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    It will be interesting to see what happens at places like the Kelowna supercharger where there are superchargers and two 80 amp HPWC's. I can see people who don't have free supercharging, and are staying at the hotel, going shopping or for dinner, etc. opting to plug into the free HPWC's because why spend the money when time is not an issue? Also, now with the idle fees even people with free supercharging may opt to use them instead, especially if you have dual chargers @ 80 amps and you plan to go and do things for a while (not a nice thing to do if you let your car sit at them when finished charging but people still do it). I used to wonder who would ever use them once the superchargers went in -- but not anymore. I bet they get a lot of use in the future.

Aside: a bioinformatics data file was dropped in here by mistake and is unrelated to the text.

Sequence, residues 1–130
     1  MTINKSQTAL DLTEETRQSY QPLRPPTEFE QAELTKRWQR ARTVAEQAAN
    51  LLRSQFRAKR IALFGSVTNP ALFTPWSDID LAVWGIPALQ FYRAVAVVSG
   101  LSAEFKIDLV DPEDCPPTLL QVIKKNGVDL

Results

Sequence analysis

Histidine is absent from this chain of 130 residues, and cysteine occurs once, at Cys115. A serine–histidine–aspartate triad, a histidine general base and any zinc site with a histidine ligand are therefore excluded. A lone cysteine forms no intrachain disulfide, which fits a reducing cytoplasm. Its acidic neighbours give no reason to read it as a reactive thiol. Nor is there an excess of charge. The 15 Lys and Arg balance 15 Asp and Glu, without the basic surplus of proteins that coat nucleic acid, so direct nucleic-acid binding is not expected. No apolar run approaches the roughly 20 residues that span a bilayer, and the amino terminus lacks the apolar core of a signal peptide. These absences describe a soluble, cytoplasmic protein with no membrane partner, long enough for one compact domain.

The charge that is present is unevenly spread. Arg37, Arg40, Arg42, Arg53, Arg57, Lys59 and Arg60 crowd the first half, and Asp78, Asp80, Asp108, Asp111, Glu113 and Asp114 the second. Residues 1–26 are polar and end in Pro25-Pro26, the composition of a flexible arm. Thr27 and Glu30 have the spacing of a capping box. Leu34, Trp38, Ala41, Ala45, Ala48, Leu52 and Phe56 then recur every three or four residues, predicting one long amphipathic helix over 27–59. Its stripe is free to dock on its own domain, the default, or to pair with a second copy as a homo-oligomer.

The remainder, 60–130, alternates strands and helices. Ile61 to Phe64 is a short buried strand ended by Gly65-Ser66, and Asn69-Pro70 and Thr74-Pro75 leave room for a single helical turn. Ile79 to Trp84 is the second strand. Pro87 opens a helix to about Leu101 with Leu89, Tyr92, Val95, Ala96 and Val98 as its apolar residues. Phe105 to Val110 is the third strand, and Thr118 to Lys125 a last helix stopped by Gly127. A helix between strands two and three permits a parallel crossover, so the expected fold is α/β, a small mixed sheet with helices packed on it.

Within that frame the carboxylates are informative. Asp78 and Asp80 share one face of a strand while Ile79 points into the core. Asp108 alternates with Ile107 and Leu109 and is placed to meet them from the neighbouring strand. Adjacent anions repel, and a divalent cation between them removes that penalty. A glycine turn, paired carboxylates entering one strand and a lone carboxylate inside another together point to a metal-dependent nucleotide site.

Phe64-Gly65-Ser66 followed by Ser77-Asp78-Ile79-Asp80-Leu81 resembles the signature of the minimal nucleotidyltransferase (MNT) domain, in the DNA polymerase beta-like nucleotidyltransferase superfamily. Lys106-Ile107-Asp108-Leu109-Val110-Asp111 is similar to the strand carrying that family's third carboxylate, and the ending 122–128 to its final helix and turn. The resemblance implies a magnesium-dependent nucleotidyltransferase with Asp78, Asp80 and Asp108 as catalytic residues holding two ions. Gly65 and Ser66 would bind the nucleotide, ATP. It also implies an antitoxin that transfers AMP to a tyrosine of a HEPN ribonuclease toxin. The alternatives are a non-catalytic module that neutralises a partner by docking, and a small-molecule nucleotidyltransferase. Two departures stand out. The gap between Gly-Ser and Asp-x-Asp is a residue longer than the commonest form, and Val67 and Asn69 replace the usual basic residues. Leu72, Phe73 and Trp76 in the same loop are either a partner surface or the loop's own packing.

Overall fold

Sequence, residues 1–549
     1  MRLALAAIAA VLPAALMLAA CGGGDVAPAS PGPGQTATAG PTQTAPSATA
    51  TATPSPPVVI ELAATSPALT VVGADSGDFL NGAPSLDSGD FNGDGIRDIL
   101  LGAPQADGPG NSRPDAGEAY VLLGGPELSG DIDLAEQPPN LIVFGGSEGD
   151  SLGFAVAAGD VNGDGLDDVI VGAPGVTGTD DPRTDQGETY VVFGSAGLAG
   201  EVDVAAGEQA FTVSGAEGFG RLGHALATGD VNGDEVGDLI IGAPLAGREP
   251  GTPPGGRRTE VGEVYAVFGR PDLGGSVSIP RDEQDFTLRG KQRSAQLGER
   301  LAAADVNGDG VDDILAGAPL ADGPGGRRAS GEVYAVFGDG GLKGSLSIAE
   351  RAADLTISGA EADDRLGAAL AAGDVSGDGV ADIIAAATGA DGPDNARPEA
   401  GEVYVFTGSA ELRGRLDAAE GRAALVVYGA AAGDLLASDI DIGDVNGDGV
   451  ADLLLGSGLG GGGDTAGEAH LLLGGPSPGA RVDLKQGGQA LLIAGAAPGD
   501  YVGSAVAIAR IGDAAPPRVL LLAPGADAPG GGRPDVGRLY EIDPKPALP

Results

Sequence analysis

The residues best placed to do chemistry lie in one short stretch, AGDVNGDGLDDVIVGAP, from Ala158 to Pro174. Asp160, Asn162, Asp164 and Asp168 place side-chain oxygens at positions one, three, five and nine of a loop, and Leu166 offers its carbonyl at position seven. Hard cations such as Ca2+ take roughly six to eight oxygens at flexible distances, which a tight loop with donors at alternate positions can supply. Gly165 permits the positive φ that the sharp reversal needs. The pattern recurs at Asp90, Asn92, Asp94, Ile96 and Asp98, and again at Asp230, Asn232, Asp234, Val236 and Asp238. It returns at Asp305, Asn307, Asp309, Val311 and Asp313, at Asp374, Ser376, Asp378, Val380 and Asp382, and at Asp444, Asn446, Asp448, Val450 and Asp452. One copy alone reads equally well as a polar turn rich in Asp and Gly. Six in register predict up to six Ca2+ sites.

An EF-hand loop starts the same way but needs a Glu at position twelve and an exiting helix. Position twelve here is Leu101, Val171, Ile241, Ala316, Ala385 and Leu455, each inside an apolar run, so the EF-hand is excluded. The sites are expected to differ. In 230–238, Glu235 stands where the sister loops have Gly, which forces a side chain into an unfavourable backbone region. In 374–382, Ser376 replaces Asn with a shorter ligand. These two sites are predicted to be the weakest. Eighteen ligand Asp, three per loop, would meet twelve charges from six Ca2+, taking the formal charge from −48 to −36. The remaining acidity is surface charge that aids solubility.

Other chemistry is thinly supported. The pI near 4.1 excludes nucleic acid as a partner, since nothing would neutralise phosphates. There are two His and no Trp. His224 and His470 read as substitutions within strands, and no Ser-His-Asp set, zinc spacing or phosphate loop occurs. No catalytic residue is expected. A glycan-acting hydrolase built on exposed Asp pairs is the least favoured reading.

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  13. Lon12

    Lon12 Member

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    Those chargers in Kelowna have issues with folks eating and staying at the Hotel not having any idea what an EV is: :(
    ICED.png
     
  14. 11thIndian

    11thIndian Member

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    Can the police ticket for ICE's in EV charging spots?
     
  15. sandpiper

    sandpiper Active Member

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    This two-tier by the minute process is an attempt to shoehorn a "pay by the kw" intent into "pay by the minute" regulations. And because of the varying vehicle charging curves, it does a poor job. People will be paying significantly more or less for the same amount of power. No system for measuring actual power consumption could possibly be worse.